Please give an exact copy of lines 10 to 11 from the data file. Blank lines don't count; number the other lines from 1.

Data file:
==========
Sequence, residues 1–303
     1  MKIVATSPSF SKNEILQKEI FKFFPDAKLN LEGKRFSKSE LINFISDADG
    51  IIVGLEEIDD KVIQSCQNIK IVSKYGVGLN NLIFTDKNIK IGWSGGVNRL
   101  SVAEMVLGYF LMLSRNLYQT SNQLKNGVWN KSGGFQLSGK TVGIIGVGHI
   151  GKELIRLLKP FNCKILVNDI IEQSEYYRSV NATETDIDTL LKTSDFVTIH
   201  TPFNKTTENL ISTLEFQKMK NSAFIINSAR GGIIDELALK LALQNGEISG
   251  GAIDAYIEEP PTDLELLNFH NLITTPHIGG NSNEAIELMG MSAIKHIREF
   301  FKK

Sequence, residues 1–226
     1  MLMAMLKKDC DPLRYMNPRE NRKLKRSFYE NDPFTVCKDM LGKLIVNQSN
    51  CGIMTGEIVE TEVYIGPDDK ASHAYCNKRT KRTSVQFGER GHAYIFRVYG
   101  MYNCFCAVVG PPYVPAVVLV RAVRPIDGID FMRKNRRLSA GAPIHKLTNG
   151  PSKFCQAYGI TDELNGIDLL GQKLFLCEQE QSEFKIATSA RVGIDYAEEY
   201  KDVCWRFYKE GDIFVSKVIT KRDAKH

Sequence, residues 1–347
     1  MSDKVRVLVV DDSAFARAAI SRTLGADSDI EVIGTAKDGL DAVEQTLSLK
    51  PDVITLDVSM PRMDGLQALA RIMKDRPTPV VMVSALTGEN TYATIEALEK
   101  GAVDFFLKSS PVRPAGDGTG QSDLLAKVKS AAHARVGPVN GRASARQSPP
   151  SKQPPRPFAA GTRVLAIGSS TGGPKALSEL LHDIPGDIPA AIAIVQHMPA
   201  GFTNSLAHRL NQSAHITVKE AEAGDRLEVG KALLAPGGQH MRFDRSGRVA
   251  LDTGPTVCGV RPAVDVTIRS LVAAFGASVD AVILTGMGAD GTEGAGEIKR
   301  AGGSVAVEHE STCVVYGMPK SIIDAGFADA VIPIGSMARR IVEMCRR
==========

     1  MLMAMLKKDC DPLRYMNPRE NRKLKRSFYE NDPFTVCKDM LGKLIVNQSN
    51  CGIMTGEIVE TEVYIGPDDK ASHAYCNKRT KRTSVQFGER GHAYIFRVYG